def gradientDescent(X, y, theta, alpha, i): J =  # cost function for each iteration k = 0 while k < i: y1 = hypothesis(theta, X) y1 = np.sum(y1, axis=1) for c in range(1, len(X.columns)): theta[c] = theta[c] - alpha * (1 / m) * (sum((y1 - y) * X.iloc[:, c])) j = calculateCost(X, y, theta) J.append(j) k += 1 return J, j, theta
With these three functions in place and our data clean, we can finally get to training the model.
Training the model
The training part is the fun part and also the easiest. If you've set your algorithm up correctly, then all you'll have to do is take the optimized parameters it gives you and make predictions.
We're returning a list of costs at each iteration, the final cost, and the optimized theta values from the gradient descent function. So we'll get the optimized theta values and use them for testing.
J, j, theta = gradientDescent(X, y, theta, 0.1, 10000)
After all of the work of setting up the functions and data correctly, this single line of code trains the model and gives us the theta values we need to start predicting values and testing the accuracy of the model.
Testing the model
Now we can test the model by making a prediction using the data.
y_hat = hypothesis(theta, X) y_hat = np.sum(y_hat, axis=1)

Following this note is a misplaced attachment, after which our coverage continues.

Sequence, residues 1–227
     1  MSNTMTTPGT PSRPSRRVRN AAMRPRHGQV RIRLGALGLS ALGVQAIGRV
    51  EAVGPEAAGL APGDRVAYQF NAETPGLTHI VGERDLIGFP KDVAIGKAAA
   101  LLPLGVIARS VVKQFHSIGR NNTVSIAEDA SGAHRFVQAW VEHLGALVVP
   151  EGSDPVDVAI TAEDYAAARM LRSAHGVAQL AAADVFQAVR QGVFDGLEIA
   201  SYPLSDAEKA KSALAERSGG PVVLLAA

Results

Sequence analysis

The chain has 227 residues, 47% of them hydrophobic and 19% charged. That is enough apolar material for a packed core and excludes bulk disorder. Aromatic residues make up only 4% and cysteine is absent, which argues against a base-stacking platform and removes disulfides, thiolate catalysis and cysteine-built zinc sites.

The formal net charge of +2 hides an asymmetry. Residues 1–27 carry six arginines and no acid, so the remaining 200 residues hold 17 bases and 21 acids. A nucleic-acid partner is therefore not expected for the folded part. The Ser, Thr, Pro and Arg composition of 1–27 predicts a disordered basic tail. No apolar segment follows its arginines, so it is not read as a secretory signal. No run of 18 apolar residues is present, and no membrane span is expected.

After you’ve checked a few values, you'll know if your model is accurate enough or if you need to do more tuning on the theta values.
If you feel comfortable with your testing results, you can go ahead and start using this model in your projects.
Using the model
The optimized theta values are really all you need to start using the model. You'll continue to use the same equations, even in production, but with the best theta values to give you the most accurate predictions.
You can even continue training the model and try and find better theta values.
Machine learning has a lot of layers to it, but none of them are too complex. They just start to stack which makes it seem more difficult than it is.
If you're willing to spend some time reading about machine learning libraries and tools, it's really easy to get started. You don't need to know any of the advanced math and statistics to learn the concepts or even to solve real world problems.
The tools are more advanced than they used to be so you can be a machine learning engineer without understanding most of the math behind it.
The main thing you need to understand is how to handle your data. That's the part no one likes to talk about. The algorithms are fun and exciting, but there may be times you need to write SQL procedures to get the raw data you need before you even start processing it.
There are so many applications for machine learning from video games to medicine to manufacturing automation.
Just take some time and make a small model if you're interested in machine learning. As you start to get more comfortable, add on to that model and keep learning more.